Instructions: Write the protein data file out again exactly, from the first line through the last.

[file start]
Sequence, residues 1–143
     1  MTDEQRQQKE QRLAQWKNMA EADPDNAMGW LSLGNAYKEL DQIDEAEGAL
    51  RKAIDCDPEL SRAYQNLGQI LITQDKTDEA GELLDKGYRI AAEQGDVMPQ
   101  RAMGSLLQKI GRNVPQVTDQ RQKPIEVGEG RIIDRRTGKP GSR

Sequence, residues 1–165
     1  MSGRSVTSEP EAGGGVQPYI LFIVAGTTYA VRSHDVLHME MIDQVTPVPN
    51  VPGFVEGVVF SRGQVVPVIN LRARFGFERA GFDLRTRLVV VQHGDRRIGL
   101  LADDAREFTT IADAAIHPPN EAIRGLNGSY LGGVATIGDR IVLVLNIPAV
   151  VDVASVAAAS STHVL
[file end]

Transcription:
Sequence, residues 1–143
     1  MTDEQRQQKE QRLAQWKNMA EADPDNAMGW LSLGNAYKEL DQIDEAEGAL
    51  RKAIDCDPEL SRAYQNLGQI LITQDKTDEA GELLDKGYRI AAEQGDVMPQ
   101  RAMGSLLQKI GRNVPQVTDQ RQKPIEVGEG RIIDRRTGKP GSR

Sequence, residues 1–165
     1  MSGRSVTSEP EAGGGVQPYI LFIVAGTTYA VRSHDVLHME MIDQVTPVPN
    51  VPGFVEGVVF SRGQVVPVIN LRARFGFERA GFDLRTRLVV VQHGDRRIGL
   101  LADDAREFTT IADAAIHPPN EAIRGLNGSY LGGVATIGDR IVLVLNIPAV
   151  VDVASVAAAS STHVL